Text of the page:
Last Updated on: April 24, 2023 by Crystal Uys
Introducing a new pet to your current one can be a stressful experience, but a lot of that stress can be addressed by being prepared, calm, and patient. While some cats and dogs don’t like each other, they can get along.
However, most pets take time to grow accustomed to each other. Introductions and first impressions are important, and if an introduction goes wrong, it could set up a bad relationship that is difficult to repair. So, let’s look at the best ways to introduce a cat to a dog.
Before You Start
Before bringing a new pet into your home, research the breed you’re considering. Some dogs have particularly high prey drives, such as Terriers, Greyhounds, and Collies, which means they may find it harder to get along with a cat.
Considering how your established pet will cope with this change is important because bringing in a new family member can be incredibly stressful. Start by asking your veterinarian if they think it would be a good idea since they know your pet well and can also give you some advice about introducing them to a new dog or cat.
Our 8 Favorite Tips to Introduce Cats and Dogs:
1. Prepare Their Rooms
Preparation is key, and you’ll want to prepare two separate rooms where your cat and dog will stay separate. These rooms should be comfortable and safe. Each room should have everything your pets need, including their food, water bowls, and cat litter.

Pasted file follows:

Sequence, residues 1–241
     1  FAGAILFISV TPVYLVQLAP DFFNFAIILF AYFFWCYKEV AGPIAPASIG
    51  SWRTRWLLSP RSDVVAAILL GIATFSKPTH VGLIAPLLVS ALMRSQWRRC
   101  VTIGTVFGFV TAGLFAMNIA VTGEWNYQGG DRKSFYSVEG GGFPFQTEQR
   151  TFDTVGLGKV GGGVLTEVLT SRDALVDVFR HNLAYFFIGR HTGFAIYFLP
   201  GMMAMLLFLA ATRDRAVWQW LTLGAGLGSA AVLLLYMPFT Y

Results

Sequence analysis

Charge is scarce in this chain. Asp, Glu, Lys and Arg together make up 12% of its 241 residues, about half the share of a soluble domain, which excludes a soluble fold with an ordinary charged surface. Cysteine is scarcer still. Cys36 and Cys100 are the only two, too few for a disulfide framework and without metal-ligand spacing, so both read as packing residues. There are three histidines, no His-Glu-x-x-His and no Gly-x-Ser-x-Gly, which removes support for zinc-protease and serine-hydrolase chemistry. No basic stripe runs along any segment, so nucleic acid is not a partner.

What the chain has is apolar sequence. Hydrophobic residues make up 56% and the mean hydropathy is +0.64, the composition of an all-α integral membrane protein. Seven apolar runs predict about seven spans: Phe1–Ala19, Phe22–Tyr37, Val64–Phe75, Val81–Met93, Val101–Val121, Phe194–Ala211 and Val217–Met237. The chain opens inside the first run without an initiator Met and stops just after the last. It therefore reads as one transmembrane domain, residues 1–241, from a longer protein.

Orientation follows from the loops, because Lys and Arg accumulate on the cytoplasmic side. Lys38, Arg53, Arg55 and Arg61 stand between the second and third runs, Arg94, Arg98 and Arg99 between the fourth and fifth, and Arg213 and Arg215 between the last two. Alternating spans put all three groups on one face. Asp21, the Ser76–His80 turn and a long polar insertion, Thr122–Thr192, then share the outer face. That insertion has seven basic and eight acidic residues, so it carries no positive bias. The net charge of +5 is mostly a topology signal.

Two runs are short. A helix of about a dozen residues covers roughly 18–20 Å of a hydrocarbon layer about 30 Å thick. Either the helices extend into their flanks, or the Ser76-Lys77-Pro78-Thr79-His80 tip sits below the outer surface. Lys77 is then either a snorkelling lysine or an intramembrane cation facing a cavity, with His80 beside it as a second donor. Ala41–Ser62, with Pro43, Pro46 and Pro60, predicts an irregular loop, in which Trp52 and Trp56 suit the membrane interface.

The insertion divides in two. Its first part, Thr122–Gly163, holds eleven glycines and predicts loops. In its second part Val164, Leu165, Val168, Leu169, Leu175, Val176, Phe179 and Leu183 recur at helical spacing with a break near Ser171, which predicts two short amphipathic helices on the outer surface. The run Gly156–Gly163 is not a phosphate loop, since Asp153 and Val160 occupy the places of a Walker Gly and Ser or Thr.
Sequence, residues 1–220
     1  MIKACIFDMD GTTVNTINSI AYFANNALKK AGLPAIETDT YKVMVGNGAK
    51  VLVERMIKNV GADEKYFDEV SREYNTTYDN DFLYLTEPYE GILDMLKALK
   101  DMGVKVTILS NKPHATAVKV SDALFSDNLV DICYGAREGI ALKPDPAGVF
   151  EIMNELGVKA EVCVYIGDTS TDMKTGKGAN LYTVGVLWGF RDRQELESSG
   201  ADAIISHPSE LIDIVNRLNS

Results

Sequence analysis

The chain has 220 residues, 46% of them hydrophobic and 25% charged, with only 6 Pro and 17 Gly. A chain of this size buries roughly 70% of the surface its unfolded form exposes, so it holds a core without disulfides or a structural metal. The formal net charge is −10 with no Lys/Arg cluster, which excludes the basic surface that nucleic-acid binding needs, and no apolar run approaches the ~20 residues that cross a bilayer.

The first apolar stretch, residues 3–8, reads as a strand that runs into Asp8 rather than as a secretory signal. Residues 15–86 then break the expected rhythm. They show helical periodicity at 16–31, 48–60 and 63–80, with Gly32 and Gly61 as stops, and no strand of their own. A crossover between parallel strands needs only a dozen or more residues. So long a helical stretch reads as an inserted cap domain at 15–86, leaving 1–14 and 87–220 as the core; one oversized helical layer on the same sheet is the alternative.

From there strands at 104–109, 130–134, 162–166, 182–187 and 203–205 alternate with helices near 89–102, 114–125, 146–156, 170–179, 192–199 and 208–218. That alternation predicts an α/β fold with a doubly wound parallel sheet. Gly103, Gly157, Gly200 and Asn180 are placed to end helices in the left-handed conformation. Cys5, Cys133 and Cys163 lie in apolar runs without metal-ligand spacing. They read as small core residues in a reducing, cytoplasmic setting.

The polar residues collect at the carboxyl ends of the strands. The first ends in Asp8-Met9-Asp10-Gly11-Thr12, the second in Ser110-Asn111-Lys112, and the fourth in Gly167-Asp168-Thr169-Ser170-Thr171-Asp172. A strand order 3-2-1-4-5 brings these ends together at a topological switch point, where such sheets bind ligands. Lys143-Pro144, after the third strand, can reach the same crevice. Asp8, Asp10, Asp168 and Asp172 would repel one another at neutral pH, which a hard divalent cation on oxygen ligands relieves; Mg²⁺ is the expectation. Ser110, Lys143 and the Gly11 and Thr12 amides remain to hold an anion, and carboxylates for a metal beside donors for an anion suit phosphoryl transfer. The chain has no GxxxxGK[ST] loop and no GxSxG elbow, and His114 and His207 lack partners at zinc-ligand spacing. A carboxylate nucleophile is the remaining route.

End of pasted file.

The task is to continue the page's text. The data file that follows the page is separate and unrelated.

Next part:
You will also need to ensure nothing can cause harm them, like a toxic houseplant. It’s also a good idea to pet-proof the rest of your house, so it’s ready when the cat and dog will meet. You will need to set up opportunities for your cat to escape to an elevated position, like a cat tree, so they can retreat quickly and easily if they need to escape the dog.
2. Be Patient
This process can be long, and sometimes an introduction journey isn’t linear—you might have to repeat a step depending on how your pets react. Taking everything at their pace is crucial, which can sometimes be frustrating. But remember, you’re building a foundation for their future relationship.
Introducing a new puppy with no training can be more time-consuming than introducing a new cat to an older dog. If you have just adopted a dog, be sure to take some time to train them, as commands like “leave it” and “stay” will be incredibly helpful.
3. Keep Them Separate